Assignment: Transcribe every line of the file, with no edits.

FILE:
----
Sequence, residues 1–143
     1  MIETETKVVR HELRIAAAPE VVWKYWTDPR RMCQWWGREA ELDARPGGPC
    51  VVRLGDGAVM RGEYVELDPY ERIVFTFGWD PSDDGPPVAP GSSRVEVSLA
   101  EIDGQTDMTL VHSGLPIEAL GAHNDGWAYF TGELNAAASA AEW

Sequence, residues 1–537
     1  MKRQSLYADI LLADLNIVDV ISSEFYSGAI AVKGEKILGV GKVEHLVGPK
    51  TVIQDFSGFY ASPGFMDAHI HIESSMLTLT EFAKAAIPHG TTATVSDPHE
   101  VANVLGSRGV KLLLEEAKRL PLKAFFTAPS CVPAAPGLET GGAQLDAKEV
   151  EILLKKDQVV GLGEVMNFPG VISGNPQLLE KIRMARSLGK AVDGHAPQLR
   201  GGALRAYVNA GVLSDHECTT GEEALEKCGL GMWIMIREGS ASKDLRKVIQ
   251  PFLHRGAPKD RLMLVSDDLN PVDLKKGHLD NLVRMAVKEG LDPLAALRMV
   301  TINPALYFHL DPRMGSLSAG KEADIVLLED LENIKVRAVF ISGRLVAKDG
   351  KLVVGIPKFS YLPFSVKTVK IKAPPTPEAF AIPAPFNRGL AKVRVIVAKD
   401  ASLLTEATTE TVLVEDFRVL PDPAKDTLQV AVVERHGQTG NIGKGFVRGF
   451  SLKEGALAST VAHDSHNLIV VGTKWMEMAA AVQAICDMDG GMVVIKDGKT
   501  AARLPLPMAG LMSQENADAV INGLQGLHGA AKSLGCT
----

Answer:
Sequence, residues 1–143
     1  MIETETKVVR HELRIAAAPE VVWKYWTDPR RMCQWWGREA ELDARPGGPC
    51  VVRLGDGAVM RGEYVELDPY ERIVFTFGWD PSDDGPPVAP GSSRVEVSLA
   101  EIDGQTDMTL VHSGLPIEAL GAHNDGWAYF TGELNAAASA AEW

Sequence, residues 1–537
     1  MKRQSLYADI LLADLNIVDV ISSEFYSGAI AVKGEKILGV GKVEHLVGPK
    51  TVIQDFSGFY ASPGFMDAHI HIESSMLTLT EFAKAAIPHG TTATVSDPHE
   101  VANVLGSRGV KLLLEEAKRL PLKAFFTAPS CVPAAPGLET GGAQLDAKEV
   151  EILLKKDQVV GLGEVMNFPG VISGNPQLLE KIRMARSLGK AVDGHAPQLR
   201  GGALRAYVNA GVLSDHECTT GEEALEKCGL GMWIMIREGS ASKDLRKVIQ
   251  PFLHRGAPKD RLMLVSDDLN PVDLKKGHLD NLVRMAVKEG LDPLAALRMV
   301  TINPALYFHL DPRMGSLSAG KEADIVLLED LENIKVRAVF ISGRLVAKDG
   351  KLVVGIPKFS YLPFSVKTVK IKAPPTPEAF AIPAPFNRGL AKVRVIVAKD
   401  ASLLTEATTE TVLVEDFRVL PDPAKDTLQV AVVERHGQTG NIGKGFVRGF
   451  SLKEGALAST VAHDSHNLIV VGTKWMEMAA AVQAICDMDG GMVVIKDGKT
   501  AARLPLPMAG LMSQENADAV INGLQGLHGA AKSLGCT